I recently finished another book that I really liked. Very well written and insightful, however fictional it is supposed to be. The author's moral, under the guise of the heroine, has really stuck with me and I've wanted to analyze its parts, much like a sommeliers would do with a good red wine (not that I have any experience with that whatsoever...just love the imagery of soaking in the fragrance of a thing, allowing it to rest on your tongue while being quiet enough to notice all the ingredients and essences that make it complete).

Forgiveness. The frail beauty of the word takes root in me....I'll hold on to that fragile slice of hope and keep it close, remembering that in each of us lie good and bad, light and dark, art and pain, choice and regret, cruelty and sacrifice. We're each of us our own chiaroscuro, our own bit of illusion fighting to emerge into something solid, something real. We've got to forgive ourselves for that. I must remember to forgive myself. Because there's an awful lot of gray to work with. No one can live in the light all of the time. ~Gemma Doyle, A Great and Terrible Beauty

I am loving the thought that we are complex and it's okay! Cut yourself some slack for the dark moments, because they are part of the plan! Having trials/tribulation just isn't an option, they are essential and there's no getting around them. If we want to experience eternal joy, exaltation if you will, we must experience the opposite. In the poetic words of Dido, ...pain's the only way to happiness. AND it's okay! In regards to the above quote, I'm not sure if dark and light are necessarily internal, as in a part of my being, but I definitely believe that without the dark moments, we could not distinguish the light. Not that we are cruel or sacrificing--though both are essential to the juxtaposition of what we want beside what we don't want--but we can choose to participate in cruelty or compassion.

To connect my somewhat choppy thoughts: remember that part of the classic Meg Ryan film, French Kiss where Luke has Kate taste some wine then smell some wild mushroom, lavendar, etc., and then close her eyes and taste the wine again? The second time she can recognize the essence that surrounded the vine of the wine's origin, pointing out the flavor beyond the expected. What does this have to do with forgiveness? Like wine ;) I believe we are complex, layered, multi-storied. It's through getting down to the raw essence--beyond the expected or the apparent--that we can really understand ourselves and each other, then that we can see how many amazing options and possibilities we have right at our fingertips. When we realize that WE have possibilities, that our identity isn't just what you see on the surface, it opens up space for compassion towards others. Hence, creating room for forgiveness for ourselves and others.

Christ said, I am the vine, ye are the branches: He that abideth in me, and I in him, the same bringeth forth much fruit: for without me ye can do nothing. How easily I forget that though I may be producing the grapes, I am only a branch on the vine. The True Vine, the source of life, my connection to the earth and all the essences that make up what is ME, is the Savior. Without Him, we are nothing. How quickly does He forgive? I believe it's immediate--as soon as we ask and He has commanded that we forgive all people. And that, my friends, includes ourselves.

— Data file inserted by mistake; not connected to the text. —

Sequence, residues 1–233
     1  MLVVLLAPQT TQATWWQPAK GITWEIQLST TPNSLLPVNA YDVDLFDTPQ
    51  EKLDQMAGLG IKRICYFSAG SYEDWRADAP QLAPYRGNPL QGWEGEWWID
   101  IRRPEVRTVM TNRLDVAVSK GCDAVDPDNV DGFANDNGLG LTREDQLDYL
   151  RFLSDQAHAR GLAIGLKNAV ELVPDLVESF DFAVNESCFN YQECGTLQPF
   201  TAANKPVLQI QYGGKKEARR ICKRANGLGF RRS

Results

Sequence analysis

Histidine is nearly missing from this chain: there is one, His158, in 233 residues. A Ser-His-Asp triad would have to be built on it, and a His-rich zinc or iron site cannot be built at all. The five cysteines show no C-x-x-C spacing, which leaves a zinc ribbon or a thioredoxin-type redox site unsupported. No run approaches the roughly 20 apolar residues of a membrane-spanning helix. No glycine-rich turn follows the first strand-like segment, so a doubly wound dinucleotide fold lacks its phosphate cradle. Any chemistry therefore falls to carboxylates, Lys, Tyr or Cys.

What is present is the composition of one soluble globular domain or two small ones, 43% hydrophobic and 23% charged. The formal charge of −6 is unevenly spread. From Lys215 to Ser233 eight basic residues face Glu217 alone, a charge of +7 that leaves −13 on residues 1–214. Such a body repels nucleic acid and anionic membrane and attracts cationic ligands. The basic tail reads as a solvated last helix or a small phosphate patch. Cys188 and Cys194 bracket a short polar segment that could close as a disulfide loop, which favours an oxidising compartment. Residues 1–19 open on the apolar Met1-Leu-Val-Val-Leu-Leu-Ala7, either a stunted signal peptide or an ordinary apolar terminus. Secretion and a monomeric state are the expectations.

Studio 5

Go here to see my cute sis-in-law in her first TV appearance!

"thank you for being you"

I have a friend who has captured the great gift of appreciation. Today he suggested that I may get tired of hearing about his gratitude. I asked him, "Why in the world would I get tired of that?" His answer included something about being redundant.

I've been thinking about that today. Why is it that gratitude can seem redundant? Is it because we're not used to hearing appreciation and thanks? Are we uncomfortable with sincere praise?

I have a book, well several, about gratitude. This one is called Attitudes of Gratitude: How to Give and Receive Joy Everyday of Your Life. According to its author, a traditional greeting of the Seneca is, "Thank you for being you." Before I continue with my monologue about gratitude, I must address the topic of being. To me, being has nothing to do with performance, achievement, the world's definition of success, or even habits and actions. To me, being has everything to do with our divine nature as children of God--that is something we have no control over, cannot change, nor can anyone else affect or influence that divine spark which is within and encompasses us. So, when I read, "thank you for being you," what I want it to mean is: I appreciate that you are a son or daughter of God, regardless of what you do for work, choose to do with your free time, where you come from or where you are going. I appreciate that God has placed you in my life for a purpose.